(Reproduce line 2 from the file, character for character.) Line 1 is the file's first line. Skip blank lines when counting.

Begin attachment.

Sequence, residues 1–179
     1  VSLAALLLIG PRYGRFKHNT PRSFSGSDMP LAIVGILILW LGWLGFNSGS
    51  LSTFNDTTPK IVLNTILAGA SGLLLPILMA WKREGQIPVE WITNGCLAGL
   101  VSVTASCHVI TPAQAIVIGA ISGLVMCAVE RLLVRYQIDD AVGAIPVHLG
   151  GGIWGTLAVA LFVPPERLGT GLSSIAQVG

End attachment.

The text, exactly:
     1  VSLAALLLIG PRYGRFKHNT PRSFSGSDMP LAIVGILILW LGWLGFNSGS